Does Sanders or his supporters actually expect to get other candidates to deliver him their super delegate vote? Do they want to get asked by the media whether they favor doing battle over single payer health care? Do they want to explain how they can support Bernie and still take dirty money from corporations? Do they want to run for their seat without any money?

    They do not. The super delegates are the establishment and they will not support an anti-establishment candidate. If Bernie wins he will have to win without super delegates. Then he will have to win the election with most of the rest of the Democrats on the ticket run away from him.

    Liked by 1 person

    • tengrain says:

      Thanks Tom – All good points. I’m still not sure of the efficacy of the Superdelegates, but I think you raise all the right questions. I worry that it could turn into another self-inflicted wound for the Dims.

      Rgds,

      TG

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    • grs says:

      Democrats found out that it does not work out well for them if Congressional candidates and yes, the party establishment – do not support the platform advanced by the nominee. When that happens candidates down ticket run away from the nominee and the party gets crushed.

      I don’t know what my point is other then the establishment seems to be steering the ship astray. Down ticket candidates ran away from Obama’s platform in 2012 and got hit hard: distanced from instead of campaigning on Obamacare (single payer was out of the question though), refusing to say whether they voted for Obama previously, openly disagreeing with Obama’s policy as stump points to gain votes, not wanting the president to campaign with them or even saying his name. It was an establishment decision for candidates to campaign that way – to avoid a successful president. Obama won, a lot of subpar candidates lost – candidates chosen by the party.

      Does anyone know how superdelegates operate with respect to an incumbent president? Or are they strictly a voice during the presidential primary?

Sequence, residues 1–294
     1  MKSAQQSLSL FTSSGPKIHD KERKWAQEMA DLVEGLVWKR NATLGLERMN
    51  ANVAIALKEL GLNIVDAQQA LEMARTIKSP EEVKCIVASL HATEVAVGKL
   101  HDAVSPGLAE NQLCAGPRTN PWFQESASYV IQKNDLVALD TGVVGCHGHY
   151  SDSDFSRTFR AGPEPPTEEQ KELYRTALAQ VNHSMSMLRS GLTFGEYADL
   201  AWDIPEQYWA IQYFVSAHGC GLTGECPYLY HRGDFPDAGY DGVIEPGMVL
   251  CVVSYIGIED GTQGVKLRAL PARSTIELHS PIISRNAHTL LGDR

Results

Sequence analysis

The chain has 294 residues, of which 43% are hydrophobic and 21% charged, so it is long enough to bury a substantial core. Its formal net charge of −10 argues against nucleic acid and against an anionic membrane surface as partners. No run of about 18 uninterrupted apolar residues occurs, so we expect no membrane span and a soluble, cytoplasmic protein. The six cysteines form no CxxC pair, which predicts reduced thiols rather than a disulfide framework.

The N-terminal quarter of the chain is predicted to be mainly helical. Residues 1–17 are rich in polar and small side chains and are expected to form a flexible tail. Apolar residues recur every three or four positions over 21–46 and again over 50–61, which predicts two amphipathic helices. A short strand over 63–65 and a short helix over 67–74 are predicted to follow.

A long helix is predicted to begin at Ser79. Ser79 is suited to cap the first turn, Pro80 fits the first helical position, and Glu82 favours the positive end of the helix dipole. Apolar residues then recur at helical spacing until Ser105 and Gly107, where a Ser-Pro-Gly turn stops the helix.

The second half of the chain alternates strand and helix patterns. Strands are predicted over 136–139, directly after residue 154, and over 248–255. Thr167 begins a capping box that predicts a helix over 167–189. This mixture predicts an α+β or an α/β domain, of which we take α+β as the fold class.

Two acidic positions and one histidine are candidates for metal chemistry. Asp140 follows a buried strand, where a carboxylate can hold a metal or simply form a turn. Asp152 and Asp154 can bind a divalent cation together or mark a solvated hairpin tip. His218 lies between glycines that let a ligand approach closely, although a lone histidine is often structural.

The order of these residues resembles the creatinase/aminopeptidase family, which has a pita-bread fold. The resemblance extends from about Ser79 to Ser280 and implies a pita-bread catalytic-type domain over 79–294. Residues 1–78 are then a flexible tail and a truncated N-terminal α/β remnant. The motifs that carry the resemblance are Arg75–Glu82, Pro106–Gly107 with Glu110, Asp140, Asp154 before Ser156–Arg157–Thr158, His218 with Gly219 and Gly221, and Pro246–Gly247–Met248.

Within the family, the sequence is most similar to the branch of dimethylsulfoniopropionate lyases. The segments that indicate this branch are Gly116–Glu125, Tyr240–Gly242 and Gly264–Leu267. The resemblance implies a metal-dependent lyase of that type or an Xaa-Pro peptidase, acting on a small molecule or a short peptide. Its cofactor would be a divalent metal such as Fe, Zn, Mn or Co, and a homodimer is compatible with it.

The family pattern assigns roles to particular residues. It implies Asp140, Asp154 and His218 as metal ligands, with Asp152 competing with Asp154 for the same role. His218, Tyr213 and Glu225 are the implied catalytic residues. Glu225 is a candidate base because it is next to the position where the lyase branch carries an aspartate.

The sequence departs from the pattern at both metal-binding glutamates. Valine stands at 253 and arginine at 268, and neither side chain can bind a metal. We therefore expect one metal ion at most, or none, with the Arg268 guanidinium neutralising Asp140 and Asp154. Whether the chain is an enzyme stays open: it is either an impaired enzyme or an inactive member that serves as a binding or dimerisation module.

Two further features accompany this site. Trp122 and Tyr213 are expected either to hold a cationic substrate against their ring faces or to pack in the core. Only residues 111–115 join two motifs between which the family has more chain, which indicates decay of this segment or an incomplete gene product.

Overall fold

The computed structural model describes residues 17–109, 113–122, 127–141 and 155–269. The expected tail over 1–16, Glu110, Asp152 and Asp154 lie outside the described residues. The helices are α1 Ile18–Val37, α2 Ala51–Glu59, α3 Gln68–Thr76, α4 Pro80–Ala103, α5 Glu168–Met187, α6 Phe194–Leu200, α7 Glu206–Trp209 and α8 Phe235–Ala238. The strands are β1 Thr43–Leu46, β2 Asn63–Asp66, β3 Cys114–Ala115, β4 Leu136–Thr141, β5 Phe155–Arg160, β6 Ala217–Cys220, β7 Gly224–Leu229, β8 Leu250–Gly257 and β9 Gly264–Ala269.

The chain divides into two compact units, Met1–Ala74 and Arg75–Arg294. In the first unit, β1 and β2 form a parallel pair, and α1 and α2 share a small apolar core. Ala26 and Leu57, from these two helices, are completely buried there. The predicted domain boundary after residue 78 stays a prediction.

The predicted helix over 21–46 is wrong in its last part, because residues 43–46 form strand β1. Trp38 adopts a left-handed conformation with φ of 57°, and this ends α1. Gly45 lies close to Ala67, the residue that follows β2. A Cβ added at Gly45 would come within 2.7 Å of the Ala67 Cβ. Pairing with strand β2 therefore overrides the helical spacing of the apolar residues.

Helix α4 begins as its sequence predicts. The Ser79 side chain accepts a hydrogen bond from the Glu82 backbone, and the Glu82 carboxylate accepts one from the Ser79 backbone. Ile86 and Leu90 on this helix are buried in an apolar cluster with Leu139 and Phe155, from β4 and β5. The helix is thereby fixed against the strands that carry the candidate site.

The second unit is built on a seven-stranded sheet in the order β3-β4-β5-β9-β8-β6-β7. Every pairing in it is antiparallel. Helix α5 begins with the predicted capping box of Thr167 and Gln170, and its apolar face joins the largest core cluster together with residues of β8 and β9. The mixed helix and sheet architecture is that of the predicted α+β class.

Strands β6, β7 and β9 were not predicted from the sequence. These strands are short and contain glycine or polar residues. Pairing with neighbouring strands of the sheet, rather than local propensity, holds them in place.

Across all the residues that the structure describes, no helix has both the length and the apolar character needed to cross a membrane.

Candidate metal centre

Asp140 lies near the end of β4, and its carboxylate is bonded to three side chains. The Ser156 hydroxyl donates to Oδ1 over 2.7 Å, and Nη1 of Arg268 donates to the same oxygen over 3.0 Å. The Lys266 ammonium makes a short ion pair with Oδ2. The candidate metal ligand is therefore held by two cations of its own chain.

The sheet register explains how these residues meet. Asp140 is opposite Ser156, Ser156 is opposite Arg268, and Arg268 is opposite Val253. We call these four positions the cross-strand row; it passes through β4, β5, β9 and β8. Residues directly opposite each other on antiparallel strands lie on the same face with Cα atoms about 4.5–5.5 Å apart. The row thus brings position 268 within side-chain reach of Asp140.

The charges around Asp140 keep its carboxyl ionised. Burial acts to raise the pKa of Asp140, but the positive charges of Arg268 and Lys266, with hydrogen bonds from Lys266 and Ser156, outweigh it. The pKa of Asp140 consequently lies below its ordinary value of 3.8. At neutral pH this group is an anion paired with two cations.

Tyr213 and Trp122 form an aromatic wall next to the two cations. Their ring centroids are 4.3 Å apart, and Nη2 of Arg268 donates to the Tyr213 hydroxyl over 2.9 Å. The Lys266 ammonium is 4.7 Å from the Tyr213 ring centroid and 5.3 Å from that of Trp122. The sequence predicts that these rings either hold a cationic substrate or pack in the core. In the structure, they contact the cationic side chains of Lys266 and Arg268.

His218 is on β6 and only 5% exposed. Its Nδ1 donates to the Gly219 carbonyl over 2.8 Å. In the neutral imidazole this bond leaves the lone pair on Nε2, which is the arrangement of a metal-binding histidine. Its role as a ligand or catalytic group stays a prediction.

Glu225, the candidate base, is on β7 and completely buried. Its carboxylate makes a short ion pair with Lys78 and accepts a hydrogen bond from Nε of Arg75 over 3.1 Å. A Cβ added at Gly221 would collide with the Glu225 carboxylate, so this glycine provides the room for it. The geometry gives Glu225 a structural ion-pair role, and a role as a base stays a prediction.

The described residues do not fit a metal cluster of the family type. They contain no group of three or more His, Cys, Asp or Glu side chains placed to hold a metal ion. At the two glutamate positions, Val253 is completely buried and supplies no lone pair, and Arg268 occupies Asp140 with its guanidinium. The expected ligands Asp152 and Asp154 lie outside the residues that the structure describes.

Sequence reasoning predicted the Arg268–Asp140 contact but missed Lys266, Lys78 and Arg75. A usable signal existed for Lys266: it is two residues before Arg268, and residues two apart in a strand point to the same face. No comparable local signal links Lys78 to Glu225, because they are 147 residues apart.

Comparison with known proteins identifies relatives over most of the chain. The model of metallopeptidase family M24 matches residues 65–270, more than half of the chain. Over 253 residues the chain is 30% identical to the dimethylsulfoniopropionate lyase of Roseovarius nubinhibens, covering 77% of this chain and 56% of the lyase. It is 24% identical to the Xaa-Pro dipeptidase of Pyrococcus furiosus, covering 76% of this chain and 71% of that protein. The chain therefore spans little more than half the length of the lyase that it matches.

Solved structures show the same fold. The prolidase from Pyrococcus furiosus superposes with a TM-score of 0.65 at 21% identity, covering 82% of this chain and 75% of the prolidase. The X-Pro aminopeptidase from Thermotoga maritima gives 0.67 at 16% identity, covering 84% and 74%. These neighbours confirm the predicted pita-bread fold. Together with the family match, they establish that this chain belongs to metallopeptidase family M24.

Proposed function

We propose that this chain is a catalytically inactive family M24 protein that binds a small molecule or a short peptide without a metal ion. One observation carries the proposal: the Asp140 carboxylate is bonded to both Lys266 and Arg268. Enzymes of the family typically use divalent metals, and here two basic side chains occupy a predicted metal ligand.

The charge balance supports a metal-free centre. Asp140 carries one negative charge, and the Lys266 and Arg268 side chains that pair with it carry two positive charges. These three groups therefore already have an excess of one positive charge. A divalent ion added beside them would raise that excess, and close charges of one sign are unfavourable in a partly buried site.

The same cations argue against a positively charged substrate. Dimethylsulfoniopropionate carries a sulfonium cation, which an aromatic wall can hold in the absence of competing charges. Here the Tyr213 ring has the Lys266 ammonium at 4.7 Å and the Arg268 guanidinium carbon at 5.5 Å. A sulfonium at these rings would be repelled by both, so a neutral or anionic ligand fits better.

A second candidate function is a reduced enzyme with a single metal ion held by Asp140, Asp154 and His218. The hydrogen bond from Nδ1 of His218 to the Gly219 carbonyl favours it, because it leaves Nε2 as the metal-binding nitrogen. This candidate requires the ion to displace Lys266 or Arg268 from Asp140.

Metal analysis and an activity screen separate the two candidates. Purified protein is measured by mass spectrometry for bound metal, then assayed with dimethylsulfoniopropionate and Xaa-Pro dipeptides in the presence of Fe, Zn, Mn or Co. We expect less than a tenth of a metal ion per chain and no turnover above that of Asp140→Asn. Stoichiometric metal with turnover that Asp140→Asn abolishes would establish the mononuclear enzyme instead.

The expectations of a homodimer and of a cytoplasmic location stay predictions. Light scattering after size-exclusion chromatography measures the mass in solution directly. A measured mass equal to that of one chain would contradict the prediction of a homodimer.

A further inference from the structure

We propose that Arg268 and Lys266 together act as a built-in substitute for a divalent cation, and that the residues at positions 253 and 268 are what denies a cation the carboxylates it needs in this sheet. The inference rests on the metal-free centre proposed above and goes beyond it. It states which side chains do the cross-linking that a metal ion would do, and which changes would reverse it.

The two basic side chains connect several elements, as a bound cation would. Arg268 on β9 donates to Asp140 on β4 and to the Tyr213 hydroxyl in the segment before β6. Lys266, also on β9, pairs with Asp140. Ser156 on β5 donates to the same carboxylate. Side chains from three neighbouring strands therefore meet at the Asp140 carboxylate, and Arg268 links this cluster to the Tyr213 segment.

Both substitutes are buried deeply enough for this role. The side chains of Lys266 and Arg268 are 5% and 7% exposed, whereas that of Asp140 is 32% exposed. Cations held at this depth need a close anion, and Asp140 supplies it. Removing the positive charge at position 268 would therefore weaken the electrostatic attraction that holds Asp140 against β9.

/still bitter over Dems abandoning Dean and his 50 state strategy.

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      • Tom Benjamin says:

        The super delegates have the same role every four years. If an incumbent President faces a challenge for the nomination the primaries work the same way.

        I don’t believe it is ever an establishment decision as to how any candidate tries to win his or her district or Senate seat. The Democratic party and most of the Democratic candidates for Congress gave full-throated support for Obama and his agenda. Remember the convention? Where Obama was particularly unpopular, the Democrat unsuccessfully ran away from him. Embracing Obama would not have worked either because nothing would have worked.

        This time is much more like 1972. The establishment and most Democrats running did not support the agenda of the nominee. There was no coherent campaign. What do Democrats do for money if Bernie is the nominee? Maybe he can suck enough money out of true believers to compete, but what about everybody else? What are the Democrat prospects if they try to compete without money against Republicans and Citizen’s United?

        Liked by 1 person

    • The super delegates are the establishment and they will not support an anti-establishment candidate.

      So what are we supposed to do when THE ESTABLISHMENT (dun dun dun!) turn into a pile of giant assholes?

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      • Tom Benjamin says:

        The establishment is always filled with giant assholes although the term, it seems to me, is difficult to define. They always end up saying “no” a lot and compromising between competing interests a lot. It is hard not to do that without coming across as an asshole to plenty of people.

        The way Democrats can change the party and the way the country is governed is to figure out how to get Bernie’s young people out to vote every time instead of just when they get excited about somebody. Midterms included.

        I don’t have any doubt that there are more blue voters than red voters, but the reds consistently vote and the blues – young blues in particular – are unreliable voters. The ones that do get engaged and stay engaged can grow up to become the establishment.

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  5. w3ski4me says:

    So, “super delegates” are “to keep democracy from breaking out”. This explains it better than anything else I have read so far. Thank you for clearing this up.
    w3ski